Seward gave a short speech in which he congratulated the gathering on living in a place with seemingly boundless resources, predicted a bright future for the new territory, and encouraged his listeners to do everything they could to make it grow. He spent most of the next hour shaking hands with nearly everyone on the wharf, and left Seattle late in the evening.
Making the Rounds
The steamer passed the infant settlement of Tacoma ("this future New York of the West," predicted Somerville) and after midnight arrived in Steilacoom, the destination for the night. The town's welcoming party had given up waiting and gone to bed, so the Hunt quietly cast anchor and spent the night on the water. It slipped away first thing in the morning, and arrived at Olympia before breakfast. A group that included Governor Alvin Flanders (1825-1894) escorted Seward and others to Tumwater, where the party viewed the falls and visited Judge Christopher Hewitt (1809-1891), chief justice of the Washington Territorial Supreme Court for most of the 1860s.
At 2 p.m. Seward gave a speech at Olympic Hall in Olympia. The reporter covering it noted that Seward (who, at age 68, was quite elderly by 1869 standards) spoke with difficulty and was hard to hear even to those seated nearby. "He looked extremely feeble, and yet betrayed remarkable energy for one of his years and active life" ("Mr. Seward On The Sound"). As he had in Port Townsend and Seattle, Seward exhorted the crowd on its duty to do all it could to develop the Pacific Coast.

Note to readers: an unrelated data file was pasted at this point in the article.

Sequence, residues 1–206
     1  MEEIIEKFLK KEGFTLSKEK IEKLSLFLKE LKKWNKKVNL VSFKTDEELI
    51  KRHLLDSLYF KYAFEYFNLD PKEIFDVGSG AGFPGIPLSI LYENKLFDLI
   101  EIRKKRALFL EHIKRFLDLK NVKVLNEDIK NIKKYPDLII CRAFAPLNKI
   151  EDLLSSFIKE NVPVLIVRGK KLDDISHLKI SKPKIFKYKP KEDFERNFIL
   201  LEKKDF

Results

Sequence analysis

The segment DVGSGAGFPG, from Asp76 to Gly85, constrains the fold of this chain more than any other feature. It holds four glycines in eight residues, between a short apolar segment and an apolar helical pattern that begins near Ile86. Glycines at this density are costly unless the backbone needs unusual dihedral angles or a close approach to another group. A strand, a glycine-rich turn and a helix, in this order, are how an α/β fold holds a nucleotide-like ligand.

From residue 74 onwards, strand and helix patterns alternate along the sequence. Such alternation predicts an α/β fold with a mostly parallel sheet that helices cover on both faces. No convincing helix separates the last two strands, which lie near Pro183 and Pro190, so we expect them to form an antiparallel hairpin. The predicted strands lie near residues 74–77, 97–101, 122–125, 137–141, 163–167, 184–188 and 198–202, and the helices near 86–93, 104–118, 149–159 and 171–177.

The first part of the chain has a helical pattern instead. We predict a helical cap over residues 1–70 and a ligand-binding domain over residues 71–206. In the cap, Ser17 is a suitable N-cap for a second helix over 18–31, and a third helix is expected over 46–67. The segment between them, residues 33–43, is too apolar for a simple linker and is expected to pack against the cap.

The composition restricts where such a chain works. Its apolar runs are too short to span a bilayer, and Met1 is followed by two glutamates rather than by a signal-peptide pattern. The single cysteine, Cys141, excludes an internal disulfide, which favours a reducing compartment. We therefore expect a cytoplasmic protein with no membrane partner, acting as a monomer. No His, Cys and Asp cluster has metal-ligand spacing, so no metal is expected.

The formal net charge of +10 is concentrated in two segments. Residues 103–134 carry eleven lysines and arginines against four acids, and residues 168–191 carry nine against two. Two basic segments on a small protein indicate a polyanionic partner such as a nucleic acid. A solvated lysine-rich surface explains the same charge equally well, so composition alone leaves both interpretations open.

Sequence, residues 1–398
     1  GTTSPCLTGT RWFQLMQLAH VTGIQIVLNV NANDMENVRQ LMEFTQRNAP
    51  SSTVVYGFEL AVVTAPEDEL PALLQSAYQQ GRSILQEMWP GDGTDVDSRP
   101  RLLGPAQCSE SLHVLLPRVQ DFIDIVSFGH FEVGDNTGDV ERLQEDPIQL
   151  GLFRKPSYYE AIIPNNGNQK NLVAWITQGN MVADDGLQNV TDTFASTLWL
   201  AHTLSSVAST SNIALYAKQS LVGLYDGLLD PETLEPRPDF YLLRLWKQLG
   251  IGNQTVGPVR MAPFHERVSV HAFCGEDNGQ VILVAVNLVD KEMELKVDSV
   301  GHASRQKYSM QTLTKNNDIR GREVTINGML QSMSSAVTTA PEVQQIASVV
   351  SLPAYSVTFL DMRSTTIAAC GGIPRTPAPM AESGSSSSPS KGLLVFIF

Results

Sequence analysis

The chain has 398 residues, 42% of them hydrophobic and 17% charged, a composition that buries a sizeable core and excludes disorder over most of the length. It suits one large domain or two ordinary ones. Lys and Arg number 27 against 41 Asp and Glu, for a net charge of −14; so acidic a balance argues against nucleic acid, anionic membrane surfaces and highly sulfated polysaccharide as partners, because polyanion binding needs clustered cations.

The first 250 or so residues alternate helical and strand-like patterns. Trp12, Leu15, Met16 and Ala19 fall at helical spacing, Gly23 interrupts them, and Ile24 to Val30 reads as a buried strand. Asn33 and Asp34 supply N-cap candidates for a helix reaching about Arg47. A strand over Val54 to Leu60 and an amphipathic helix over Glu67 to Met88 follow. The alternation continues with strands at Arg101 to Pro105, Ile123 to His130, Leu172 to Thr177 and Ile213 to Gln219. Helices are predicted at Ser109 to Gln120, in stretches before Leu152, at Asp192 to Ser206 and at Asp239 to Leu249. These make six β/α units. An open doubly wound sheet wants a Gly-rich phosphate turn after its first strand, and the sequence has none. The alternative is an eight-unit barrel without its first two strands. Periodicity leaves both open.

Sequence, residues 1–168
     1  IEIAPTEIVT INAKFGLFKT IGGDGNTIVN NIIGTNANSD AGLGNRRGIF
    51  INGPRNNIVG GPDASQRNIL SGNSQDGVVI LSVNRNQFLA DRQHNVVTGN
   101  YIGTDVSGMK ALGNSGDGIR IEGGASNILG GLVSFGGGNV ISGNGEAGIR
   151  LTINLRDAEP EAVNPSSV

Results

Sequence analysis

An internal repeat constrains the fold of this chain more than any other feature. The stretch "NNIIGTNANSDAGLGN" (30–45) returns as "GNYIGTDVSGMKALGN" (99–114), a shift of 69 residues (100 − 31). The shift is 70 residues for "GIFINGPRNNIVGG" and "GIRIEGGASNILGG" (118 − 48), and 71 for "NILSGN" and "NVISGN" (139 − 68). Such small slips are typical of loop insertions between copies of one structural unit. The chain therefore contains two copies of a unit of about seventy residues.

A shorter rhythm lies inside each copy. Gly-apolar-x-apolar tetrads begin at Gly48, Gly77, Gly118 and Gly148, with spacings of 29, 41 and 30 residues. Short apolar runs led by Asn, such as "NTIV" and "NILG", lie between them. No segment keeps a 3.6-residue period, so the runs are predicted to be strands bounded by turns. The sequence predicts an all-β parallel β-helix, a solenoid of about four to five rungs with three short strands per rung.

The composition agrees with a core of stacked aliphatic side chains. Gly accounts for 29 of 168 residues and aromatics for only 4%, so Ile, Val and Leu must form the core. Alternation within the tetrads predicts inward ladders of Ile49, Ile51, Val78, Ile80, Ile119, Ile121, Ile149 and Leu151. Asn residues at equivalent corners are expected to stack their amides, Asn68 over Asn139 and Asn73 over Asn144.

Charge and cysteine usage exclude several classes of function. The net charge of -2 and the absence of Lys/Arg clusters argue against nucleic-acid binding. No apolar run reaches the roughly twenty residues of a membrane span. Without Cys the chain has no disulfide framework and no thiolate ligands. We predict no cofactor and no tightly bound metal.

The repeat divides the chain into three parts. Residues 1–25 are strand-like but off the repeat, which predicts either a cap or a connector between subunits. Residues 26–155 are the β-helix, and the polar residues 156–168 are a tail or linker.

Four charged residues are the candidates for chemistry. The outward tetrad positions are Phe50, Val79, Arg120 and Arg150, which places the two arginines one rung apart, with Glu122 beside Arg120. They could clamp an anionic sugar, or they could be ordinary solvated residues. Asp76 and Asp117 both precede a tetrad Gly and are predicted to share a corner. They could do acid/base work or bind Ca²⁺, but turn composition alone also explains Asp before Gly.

In the late afternoon Seward's party left Olympia and motored up the sound, reaching Seattle about 9 p.m., where it was greeted with a 13-gun salute. After a brief stop at Yesler's Wharf, the Hunt continued north, passing Whidbey Island the next day. As the steamer passed through the San Juan Islands, Seward enjoyed a debate with his shipmates over the then-simmering debate between the U.S. and Great Britain over where its boundary through the San Juans should be drawn. (Three years later, it would be decided in America's favor at Haro Strait.) At 4 p.m. the party reached Nanaimo, B.C., where the Active was waiting to take Seward to Alaska.